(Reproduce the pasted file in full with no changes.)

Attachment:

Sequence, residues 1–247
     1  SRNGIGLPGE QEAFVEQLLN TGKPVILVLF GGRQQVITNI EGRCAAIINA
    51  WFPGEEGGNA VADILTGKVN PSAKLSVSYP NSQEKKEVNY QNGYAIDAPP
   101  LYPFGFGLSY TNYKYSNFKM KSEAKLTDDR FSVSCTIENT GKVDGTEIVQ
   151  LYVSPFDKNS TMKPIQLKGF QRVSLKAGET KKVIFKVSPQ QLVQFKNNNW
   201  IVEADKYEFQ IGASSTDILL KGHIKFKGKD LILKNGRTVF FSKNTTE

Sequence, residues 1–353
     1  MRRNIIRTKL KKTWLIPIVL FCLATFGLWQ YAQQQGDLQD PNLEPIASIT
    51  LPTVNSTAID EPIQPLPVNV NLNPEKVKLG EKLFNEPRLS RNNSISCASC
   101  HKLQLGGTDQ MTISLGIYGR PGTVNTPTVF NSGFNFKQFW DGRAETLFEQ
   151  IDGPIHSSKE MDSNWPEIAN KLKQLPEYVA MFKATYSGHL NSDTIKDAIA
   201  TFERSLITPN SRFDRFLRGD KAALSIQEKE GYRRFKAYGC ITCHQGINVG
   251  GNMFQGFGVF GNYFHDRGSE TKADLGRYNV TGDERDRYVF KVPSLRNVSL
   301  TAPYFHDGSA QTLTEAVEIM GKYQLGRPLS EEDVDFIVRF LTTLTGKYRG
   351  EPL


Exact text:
Sequence, residues 1–247
     1  SRNGIGLPGE QEAFVEQLLN TGKPVILVLF GGRQQVITNI EGRCAAIINA
    51  WFPGEEGGNA VADILTGKVN PSAKLSVSYP NSQEKKEVNY QNGYAIDAPP
   101  LYPFGFGLSY TNYKYSNFKM KSEAKLTDDR FSVSCTIENT GKVDGTEIVQ
   151  LYVSPFDKNS TMKPIQLKGF QRVSLKAGET KKVIFKVSPQ QLVQFKNNNW
   201  IVEADKYEFQ IGASSTDILL KGHIKFKGKD LILKNGRTVF FSKNTTE

Sequence, residues 1–353
     1  MRRNIIRTKL KKTWLIPIVL FCLATFGLWQ YAQQQGDLQD PNLEPIASIT
    51  LPTVNSTAID EPIQPLPVNV NLNPEKVKLG EKLFNEPRLS RNNSISCASC
   101  HKLQLGGTDQ MTISLGIYGR PGTVNTPTVF NSGFNFKQFW DGRAETLFEQ
   151  IDGPIHSSKE MDSNWPEIAN KLKQLPEYVA MFKATYSGHL NSDTIKDAIA
   201  TFERSLITPN SRFDRFLRGD KAALSIQEKE GYRRFKAYGC ITCHQGINVG
   251  GNMFQGFGVF GNYFHDRGSE TKADLGRYNV TGDERDRYVF KVPSLRNVSL
   301  TAPYFHDGSA QTLTEAVEIM GKYQLGRPLS EEDVDFIVRF LTTLTGKYRG
   351  EPL